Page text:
In the days when harness horse racing was a major sport, George Loomis was known as the top trainer and racer in the Midwest.
He trained and drove winners for more than six decades. One of his biggest victories was in 1926 with Hollyrood Walter in the $25,000 Kalamazoo Pacing Derby, called the Kentucky Derby of the harness racing world. About a month later, Loomis drove Hollyrood Walter to a victory in a $5,000 race in Goshen, N.Y.
In 1943, at the age of 81, he won three races and had a second-place finish at the Minnesota State Fair. Loomis' performance highlighted the program at the 1943 State Fair, which the Minneapolis Star called "the best program the Hamline track has had in many years."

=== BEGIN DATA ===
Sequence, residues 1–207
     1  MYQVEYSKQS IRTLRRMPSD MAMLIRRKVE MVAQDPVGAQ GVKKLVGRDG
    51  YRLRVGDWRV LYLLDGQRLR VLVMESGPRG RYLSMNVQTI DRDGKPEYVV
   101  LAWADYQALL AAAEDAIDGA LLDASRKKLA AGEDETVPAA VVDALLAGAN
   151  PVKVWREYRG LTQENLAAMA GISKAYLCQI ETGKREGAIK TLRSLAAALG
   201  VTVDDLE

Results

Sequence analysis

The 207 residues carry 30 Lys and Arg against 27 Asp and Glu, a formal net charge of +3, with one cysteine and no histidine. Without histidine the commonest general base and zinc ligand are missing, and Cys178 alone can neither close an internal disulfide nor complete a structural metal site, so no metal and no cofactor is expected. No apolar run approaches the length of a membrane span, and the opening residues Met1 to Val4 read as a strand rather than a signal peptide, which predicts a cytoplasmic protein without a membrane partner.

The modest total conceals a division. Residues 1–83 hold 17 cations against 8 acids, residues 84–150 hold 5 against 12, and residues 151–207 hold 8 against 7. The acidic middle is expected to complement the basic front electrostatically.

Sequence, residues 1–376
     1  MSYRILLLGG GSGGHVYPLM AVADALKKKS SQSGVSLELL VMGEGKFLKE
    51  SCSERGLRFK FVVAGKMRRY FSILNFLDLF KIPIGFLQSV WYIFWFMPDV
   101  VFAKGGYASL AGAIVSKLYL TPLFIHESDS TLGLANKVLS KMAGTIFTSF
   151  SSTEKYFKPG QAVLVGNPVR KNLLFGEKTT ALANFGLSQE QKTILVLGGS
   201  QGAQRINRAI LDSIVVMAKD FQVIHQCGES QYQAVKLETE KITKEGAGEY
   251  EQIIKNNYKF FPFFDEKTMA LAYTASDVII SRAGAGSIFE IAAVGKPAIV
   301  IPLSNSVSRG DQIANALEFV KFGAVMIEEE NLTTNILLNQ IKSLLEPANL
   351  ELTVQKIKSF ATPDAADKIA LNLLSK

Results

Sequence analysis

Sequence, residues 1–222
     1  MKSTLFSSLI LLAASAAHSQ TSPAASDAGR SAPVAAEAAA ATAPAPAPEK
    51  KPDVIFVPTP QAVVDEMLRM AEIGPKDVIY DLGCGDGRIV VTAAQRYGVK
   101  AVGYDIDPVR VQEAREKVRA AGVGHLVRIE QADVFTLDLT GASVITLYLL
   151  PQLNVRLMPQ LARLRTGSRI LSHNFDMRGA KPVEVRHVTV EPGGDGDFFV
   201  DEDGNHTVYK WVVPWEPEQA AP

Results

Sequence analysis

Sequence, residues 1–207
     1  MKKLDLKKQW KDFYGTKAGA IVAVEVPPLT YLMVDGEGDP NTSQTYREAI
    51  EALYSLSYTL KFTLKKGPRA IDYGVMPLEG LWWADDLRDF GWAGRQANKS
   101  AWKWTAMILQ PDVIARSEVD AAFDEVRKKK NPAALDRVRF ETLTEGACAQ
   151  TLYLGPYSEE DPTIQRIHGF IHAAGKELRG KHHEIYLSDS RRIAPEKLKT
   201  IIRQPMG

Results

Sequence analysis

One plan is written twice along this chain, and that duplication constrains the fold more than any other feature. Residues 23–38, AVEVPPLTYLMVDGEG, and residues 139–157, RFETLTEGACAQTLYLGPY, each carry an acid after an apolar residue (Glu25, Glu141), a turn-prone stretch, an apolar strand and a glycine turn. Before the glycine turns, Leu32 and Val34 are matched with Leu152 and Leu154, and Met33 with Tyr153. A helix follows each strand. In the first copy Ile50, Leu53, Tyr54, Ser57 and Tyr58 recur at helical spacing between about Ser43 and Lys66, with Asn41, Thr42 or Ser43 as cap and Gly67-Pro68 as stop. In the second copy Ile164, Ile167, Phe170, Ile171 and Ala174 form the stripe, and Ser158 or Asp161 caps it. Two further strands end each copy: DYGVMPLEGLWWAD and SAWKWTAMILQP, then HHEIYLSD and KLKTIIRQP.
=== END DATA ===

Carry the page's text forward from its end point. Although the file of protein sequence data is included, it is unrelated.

In July of 1947, Loomis died while driving his sulky in a feature race at the Portland Meadows race track in Portland, Ore. He was 85.
A week before his death, one of the horses that he trained set a Portland Meadows track record for five furlongs (1 minute, 16.4 seconds). At the time of his death, he was the oldest driver in harness racing competition and had been driving a sulky for 65 years.
Loomis, a native of Princeton, Wisconsin, was praised for his ability to get maximum performance from his horses.
Sport: Harness racing.